• Accumulation of lactic acid in myocytes or
  • Stretching of myocytes
  • Three types of angina pectoris
  • Stable, unstable and Prinzmetal

18
Stable angina pectoris
  • Caused by chronic coronary obstruction
  • Recurrent predictable chest pain
  • Gradual narrowing and hardening of vessels so
    that they cannot dilate in response to increased
    demand of physical exertion or emotional stress
  • Lasts approx. 3-5 minutes
  • Relieved by rest and nitrates

19
Prinzmetal angia pectoris (Variant angina)
  • Caused by abnormal vasospasm of normal vessels
    (15) or near atherosclerotic narrowing (85)
  • Occurs unpredictably and almost exclusively at
    rest.
  • Often occurs at night during REM sleep
  • May result from hyperactivity of sympathetic
    nervous system, increased calcium flux in muscle
    or impaired production of prostaglandin

20
Unstable Angina pectoris
  • Lasts more than 20 minutes at rest, or rapid
    worsening of a pre-existing angina
  • May indicate a progression to M.I.

21
Silent Ischemia
  • Totally asymptomatic
  • May be due abnormality in innervation
  • Or due to lower level of inflammatory cytokines

22
Treatment
  • Pharmacologically manipulate blood pressure,
    heart rate, and contractility to decrease oxygen
    demands
  • Nitrates dilate peripheral blood vessels and
  • Decrease oxygen demand
  • Increase oxygen supply
  • Relieve coronary spasm

23
  • ? blockers
  • Block sympathetic input, so
  • Decrease heart rate, so
  • Decrease oxygen demand
  • Digitalis
  • Increases the force of contraction
  • Calcium channel blockers
  • Antiplatelet agents (aspirin, etc.)

24
Surgical treatment
  • Angioplasty mechanical opening of vessels
  • Revascularization bypass
  • Replace or shut around occluded vessels

25
Myocardial infarction
  • Necrosis of cardiac myocytes
  • Irreversible
  • Commonly affects left ventricle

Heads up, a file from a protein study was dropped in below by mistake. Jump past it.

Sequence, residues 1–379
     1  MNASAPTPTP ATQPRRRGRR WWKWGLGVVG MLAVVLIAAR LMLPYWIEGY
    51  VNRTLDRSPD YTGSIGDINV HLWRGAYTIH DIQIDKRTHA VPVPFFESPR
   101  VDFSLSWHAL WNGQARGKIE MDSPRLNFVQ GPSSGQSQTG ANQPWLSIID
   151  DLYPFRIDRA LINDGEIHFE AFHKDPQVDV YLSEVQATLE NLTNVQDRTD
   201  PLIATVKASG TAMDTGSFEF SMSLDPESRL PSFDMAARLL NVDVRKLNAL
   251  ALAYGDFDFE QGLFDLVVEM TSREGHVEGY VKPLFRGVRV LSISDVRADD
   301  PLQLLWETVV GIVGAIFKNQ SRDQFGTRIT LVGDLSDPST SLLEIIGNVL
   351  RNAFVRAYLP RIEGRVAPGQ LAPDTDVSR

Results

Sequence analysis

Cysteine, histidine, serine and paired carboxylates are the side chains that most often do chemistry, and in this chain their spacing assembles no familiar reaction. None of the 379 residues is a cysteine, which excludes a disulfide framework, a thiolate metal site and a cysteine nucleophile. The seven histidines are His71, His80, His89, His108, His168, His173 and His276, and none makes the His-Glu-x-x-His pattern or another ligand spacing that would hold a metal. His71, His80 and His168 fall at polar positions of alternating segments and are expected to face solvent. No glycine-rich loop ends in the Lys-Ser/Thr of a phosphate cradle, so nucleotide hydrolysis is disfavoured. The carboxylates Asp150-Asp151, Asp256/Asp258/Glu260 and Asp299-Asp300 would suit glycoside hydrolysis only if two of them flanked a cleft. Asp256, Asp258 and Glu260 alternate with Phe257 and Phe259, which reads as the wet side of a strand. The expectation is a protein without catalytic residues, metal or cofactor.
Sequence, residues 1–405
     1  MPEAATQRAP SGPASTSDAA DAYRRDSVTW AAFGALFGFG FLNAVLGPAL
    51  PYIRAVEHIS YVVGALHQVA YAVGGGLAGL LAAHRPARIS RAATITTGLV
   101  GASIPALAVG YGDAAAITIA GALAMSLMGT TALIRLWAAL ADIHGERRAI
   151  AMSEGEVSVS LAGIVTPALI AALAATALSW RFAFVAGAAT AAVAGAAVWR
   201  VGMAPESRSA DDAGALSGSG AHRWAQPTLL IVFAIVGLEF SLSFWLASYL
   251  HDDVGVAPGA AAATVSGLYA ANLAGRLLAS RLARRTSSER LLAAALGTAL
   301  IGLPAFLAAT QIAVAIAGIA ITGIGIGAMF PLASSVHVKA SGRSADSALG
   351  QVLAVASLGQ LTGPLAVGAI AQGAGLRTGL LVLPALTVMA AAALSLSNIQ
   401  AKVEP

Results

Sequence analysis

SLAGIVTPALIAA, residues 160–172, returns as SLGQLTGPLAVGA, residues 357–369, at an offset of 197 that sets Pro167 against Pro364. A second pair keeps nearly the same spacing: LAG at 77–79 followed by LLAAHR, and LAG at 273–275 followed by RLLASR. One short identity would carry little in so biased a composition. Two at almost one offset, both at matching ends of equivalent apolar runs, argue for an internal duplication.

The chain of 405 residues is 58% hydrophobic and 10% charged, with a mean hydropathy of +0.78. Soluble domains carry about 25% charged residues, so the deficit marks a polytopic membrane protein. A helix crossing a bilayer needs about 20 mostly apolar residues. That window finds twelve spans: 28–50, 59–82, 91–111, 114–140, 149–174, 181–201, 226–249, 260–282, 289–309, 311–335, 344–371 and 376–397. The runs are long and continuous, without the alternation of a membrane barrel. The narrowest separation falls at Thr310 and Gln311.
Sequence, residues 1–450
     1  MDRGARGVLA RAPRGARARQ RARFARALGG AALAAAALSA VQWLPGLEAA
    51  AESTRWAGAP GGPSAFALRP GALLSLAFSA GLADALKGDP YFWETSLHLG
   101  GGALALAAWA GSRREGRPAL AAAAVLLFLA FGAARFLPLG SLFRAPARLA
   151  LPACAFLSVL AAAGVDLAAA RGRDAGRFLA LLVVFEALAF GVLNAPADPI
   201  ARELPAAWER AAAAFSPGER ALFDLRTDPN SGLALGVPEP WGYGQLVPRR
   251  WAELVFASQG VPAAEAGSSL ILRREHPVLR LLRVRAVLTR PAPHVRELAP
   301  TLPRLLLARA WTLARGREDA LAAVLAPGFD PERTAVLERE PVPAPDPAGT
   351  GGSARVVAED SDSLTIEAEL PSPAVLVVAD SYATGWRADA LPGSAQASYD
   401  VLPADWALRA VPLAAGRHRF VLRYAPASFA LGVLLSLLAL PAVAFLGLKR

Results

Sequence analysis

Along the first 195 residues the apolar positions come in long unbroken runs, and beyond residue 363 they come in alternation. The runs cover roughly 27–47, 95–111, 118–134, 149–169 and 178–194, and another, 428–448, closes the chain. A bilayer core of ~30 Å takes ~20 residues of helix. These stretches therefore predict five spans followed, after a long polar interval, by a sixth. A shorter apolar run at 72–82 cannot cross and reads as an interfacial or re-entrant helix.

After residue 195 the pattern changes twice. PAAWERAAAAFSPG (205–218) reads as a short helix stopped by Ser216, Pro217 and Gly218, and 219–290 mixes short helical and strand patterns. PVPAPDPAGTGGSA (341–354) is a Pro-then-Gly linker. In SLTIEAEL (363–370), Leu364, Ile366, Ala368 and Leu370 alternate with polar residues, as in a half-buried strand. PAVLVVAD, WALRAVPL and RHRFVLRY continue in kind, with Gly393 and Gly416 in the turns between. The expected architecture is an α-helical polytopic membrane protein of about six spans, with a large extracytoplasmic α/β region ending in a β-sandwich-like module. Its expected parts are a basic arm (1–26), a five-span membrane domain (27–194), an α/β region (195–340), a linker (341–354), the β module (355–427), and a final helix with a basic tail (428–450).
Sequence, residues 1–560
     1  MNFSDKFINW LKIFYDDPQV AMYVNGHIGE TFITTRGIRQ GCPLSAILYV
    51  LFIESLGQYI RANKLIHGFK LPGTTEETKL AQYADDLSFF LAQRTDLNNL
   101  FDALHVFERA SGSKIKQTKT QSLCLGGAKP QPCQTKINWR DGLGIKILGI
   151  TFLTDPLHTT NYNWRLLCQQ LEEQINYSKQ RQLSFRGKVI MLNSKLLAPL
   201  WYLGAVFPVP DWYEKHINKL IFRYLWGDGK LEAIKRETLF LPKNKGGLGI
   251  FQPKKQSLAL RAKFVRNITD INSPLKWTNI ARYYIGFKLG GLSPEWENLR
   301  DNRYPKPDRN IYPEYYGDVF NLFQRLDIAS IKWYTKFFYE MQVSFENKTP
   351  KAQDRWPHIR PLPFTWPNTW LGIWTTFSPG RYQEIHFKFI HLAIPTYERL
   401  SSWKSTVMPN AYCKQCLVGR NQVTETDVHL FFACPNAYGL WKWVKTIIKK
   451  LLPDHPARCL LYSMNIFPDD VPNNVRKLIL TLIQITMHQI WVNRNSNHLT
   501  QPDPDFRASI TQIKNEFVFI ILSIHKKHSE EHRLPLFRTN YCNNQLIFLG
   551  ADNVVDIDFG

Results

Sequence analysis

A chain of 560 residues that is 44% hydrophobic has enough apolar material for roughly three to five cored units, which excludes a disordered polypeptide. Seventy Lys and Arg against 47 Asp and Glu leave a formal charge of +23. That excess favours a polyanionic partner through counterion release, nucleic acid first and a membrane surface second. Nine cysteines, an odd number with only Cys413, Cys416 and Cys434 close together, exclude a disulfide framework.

• Follows after more than 20 minutes of ischemia

26
Structural, functional changes
  • Decreased contractility
  • Decreased LV compliance
  • Decreased stroke volume
  • Dysrhythmias
  • Inflammatory response is severe
  • Scarring results
  • Strong, but stiff cant contract like healthy
    cells

27
Clinical manifestations
  • Sudden, severe chest pain
  • Similar to pain with ischemia, but stronger
  • Not relieved by nitrates
  • Radiates to neck, jaw, shoulder, left arm
  • Indigestion, nausea, vomiting
  • Fatigue, weakness, anxiety, restlessness and
    feelings of impending doom.
  • Abnormal heart sounds possible (S3,S4)

28
  • Blood test show several markers
  • Leukocytosis
  • Increased blood sugar
  • Increased plasma enzymes
  • Creatine kinase
  • Lactic dehydrogenase
  • Aspartate aminotransferase (AST or SGOT)
  • Cardiac-specific troponin

29
ECG changes
  • Pronounced, persisting Q waves
  • ST elevation
  • T wave inversion

30
Treatment
  • First 24 hours crucial
  • Hospitalization, bed rest
  • ECG monitoring for arrhythmias
  • Pain relief (morphine, nitroglycerin)
  • Thrombolytics to break down clots
  • Administer oxygen
  • Revascularization interventions by-pass grafts,
    stents or balloon angioplasty

31
Atherosclerosis
  • A form of arteriosclerosis where soft deposits of
    intra-arterial fat and fibrin harden over time
    atheroma
  • May see build up in skin Xanthoma or arcus in
    cornea.
  • In general, patients suffer few symptoms unless gt
    60 of blood supply is blocked

32
  • Progressive over years
  • Starts with some injury to endothelium
  • Smoking, hypertension, hyperlipidemia, diabetes,
    autoimmune disease, and infection
  • Inflammation, release of enzymes by macrophages
    causes oxidation of LDL, which is then consumed
    by macrophages foam cells accumulate to form
    fatty streaks
  • Fatty streaks of lipid material appear first as
    yellow streaks and spots
  • Smooth muscle cells proliferate, and migrate
    over the streak forming a fibrous plaque

33